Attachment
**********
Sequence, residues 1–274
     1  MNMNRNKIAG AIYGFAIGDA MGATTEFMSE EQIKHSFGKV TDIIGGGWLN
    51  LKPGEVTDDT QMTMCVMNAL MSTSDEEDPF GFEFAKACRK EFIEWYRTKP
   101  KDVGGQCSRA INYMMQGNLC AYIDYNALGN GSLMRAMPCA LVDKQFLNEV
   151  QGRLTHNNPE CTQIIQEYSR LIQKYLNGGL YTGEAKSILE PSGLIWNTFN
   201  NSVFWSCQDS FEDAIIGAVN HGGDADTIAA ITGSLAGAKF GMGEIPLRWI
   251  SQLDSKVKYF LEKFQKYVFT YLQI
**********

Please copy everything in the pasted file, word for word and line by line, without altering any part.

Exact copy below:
Sequence, residues 1–274
     1  MNMNRNKIAG AIYGFAIGDA MGATTEFMSE EQIKHSFGKV TDIIGGGWLN
    51  LKPGEVTDDT QMTMCVMNAL MSTSDEEDPF GFEFAKACRK EFIEWYRTKP
   101  KDVGGQCSRA INYMMQGNLC AYIDYNALGN GSLMRAMPCA LVDKQFLNEV
   151  QGRLTHNNPE CTQIIQEYSR LIQKYLNGGL YTGEAKSILE PSGLIWNTFN
   201  NSVFWSCQDS FEDAIIGAVN HGGDADTIAA ITGSLAGAKF GMGEIPLRWI
   251  SQLDSKVKYF LEKFQKYVFT YLQI